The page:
In our previous issue, we addressed the prevalent problem of bias-related incidents on campus. However, the term “bias-related incident” remains relatively ambiguous, and even more ambiguous is how students are expected to act and respond. Soon after our issue’s publication, Scripps’ recently established Diversity Coordinating Committee posted these posters around campus. They serve to clarify the definition of a bias-related incident and provide a guideline to how students should respond to such an event. Take a look at the poster put out by the Diversity Coordinating Committee!
Student Responses to Diversity Coordinating Committee’s Posters:
“I feel like they are necessary in that we need to know about hate crimes, however I think just stating that an incident happened isn’t enough. There needs to be more details on what exactly happened, and ways to prevent it from happening again.” - Emma Friedenberg ‘12
“I believe we should be critical of the administration’s way of dealing with bias-related incidents. It is easy for the broader student population to dismiss or ignore the template emails detailing the incidents, and I know many people who do so. While it is important that the administration is taking efforts to speak out against these incidents, there is little productive dialogue in our community concerning why these incidents occur. I think it’s important for the community to emphasize the greater social structures that perpetuate bias, hatred and violence on an interpersonal level.” - Heidi Hong ‘12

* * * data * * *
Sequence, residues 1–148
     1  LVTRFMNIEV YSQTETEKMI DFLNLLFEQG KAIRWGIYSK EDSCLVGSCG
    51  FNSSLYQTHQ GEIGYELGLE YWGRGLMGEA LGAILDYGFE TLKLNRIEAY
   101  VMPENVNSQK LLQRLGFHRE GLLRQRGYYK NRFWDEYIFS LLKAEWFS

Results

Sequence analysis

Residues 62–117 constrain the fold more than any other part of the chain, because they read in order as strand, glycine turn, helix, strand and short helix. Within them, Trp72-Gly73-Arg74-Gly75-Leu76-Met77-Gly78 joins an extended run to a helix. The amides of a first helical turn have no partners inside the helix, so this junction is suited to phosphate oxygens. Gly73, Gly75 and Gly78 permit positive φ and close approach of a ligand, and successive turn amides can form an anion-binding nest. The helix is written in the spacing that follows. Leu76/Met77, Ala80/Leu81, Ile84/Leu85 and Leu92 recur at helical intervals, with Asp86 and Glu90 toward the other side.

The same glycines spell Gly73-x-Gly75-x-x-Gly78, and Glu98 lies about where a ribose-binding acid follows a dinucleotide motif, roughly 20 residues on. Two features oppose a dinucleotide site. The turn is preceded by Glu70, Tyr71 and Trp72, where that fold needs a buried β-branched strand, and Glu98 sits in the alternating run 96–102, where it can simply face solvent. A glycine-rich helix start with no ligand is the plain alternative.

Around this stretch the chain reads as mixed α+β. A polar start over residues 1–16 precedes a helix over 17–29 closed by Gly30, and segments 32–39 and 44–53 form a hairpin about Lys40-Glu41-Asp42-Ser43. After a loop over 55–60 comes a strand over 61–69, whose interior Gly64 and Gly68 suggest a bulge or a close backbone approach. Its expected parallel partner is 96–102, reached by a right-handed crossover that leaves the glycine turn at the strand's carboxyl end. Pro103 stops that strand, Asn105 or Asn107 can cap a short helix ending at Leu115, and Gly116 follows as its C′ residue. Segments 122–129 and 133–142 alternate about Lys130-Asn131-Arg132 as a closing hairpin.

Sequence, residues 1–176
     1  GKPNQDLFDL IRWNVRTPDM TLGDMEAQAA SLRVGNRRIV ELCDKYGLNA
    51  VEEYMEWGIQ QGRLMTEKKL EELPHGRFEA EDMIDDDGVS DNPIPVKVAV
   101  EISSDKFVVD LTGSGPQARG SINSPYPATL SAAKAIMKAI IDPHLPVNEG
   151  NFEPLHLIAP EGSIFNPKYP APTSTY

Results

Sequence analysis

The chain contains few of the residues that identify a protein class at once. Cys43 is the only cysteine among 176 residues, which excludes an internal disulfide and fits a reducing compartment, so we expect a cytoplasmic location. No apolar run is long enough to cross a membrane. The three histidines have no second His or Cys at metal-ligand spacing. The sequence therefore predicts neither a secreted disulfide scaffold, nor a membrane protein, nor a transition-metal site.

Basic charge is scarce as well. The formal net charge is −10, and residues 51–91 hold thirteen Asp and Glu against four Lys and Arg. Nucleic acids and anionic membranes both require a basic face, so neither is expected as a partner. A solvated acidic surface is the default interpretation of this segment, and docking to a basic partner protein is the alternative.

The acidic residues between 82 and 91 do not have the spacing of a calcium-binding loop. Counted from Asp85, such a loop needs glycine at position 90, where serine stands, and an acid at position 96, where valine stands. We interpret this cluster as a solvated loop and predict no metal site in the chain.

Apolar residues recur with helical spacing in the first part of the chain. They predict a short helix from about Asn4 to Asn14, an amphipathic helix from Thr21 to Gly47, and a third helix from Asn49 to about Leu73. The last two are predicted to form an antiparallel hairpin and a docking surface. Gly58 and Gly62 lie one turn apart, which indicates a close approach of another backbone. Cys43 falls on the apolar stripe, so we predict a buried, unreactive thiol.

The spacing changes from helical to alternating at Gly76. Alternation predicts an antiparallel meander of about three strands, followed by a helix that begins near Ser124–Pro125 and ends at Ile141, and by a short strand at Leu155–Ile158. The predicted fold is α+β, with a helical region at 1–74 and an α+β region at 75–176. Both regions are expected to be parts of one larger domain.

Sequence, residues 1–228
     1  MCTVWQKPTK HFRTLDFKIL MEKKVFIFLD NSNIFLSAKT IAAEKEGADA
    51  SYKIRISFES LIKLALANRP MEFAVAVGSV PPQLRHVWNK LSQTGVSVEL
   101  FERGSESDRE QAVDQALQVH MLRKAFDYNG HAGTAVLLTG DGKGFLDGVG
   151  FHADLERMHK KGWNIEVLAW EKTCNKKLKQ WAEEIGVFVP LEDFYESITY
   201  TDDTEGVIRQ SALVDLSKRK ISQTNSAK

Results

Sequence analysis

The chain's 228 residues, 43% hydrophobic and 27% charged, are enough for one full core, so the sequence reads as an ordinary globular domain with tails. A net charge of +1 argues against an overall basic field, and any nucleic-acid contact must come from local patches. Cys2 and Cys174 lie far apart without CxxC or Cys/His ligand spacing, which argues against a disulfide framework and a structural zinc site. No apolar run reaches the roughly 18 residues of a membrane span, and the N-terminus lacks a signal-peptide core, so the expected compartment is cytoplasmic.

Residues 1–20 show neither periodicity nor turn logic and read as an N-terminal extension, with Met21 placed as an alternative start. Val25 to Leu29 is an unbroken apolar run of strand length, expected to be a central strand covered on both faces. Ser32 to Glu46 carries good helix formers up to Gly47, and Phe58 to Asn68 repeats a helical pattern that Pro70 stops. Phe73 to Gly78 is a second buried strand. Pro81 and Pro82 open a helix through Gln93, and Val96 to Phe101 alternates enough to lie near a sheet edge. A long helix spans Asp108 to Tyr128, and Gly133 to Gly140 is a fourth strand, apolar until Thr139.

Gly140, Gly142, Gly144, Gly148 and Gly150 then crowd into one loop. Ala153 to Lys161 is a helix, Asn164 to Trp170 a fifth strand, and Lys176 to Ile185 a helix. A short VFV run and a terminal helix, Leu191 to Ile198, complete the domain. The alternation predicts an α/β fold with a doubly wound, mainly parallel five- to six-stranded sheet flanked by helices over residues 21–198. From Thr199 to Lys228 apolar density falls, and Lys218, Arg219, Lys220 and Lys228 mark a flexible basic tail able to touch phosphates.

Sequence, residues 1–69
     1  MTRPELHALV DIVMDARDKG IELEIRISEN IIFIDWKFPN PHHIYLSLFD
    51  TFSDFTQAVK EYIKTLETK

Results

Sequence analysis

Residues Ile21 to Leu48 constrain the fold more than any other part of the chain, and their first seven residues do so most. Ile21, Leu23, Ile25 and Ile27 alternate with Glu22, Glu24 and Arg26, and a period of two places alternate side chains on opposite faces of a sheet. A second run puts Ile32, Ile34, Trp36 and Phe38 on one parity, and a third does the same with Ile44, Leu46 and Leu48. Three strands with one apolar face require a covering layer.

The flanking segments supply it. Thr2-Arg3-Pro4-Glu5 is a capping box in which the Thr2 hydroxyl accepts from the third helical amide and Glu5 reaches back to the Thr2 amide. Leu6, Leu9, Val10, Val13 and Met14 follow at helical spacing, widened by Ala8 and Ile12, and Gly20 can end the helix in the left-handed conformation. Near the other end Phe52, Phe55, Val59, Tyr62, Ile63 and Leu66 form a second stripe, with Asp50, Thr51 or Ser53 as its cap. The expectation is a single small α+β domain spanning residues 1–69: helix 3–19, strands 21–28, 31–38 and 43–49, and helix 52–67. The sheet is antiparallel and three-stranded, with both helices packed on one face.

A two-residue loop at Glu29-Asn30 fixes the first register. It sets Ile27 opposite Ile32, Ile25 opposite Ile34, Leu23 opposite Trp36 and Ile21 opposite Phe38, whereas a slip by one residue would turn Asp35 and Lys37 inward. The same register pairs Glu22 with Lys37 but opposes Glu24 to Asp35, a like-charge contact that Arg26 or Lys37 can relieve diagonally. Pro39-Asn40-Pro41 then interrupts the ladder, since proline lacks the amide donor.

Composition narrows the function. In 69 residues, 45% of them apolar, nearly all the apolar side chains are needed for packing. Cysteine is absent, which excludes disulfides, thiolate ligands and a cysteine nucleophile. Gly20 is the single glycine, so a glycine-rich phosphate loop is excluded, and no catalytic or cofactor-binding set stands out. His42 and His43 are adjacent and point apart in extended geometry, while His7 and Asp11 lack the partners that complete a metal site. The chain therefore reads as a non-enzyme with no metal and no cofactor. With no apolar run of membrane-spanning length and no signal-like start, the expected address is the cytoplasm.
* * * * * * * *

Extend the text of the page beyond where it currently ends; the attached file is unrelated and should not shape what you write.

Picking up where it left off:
“I think all the posters around campus are making the students aware of these incidents going on and how hurtful the comments are. We should be going to a school where everyone can be themselves.” - Lindsay Guttierez ‘13
“I think the response to the bias-related incidents are both necessary and unnecessary at the same time. It’s necessary to report them because it is our responsibility to alert the people around us that these things are happening and not to ignore their existence. However, they are also unnecessary in the sense that the offenders may simply see them as reinforcement while it just gets the victims angrier.” - Stephanie Teng ’12
“The schools tend to overreact to situations that students should learn to deal with themselves. The constant e-mails sent out regarding bias-related incidents have desensitized the student body, and as a result many of us treat these serious issues as jokes.” - Tracy Kao CMC ‘12